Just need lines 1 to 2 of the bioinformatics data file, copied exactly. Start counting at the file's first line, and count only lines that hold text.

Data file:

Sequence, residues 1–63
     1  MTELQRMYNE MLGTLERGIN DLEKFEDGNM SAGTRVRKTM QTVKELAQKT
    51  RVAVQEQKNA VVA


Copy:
Sequence, residues 1–63
     1  MTELQRMYNE MLGTLERGIN DLEKFEDGNM SAGTRVRKTM QTVKELAQKT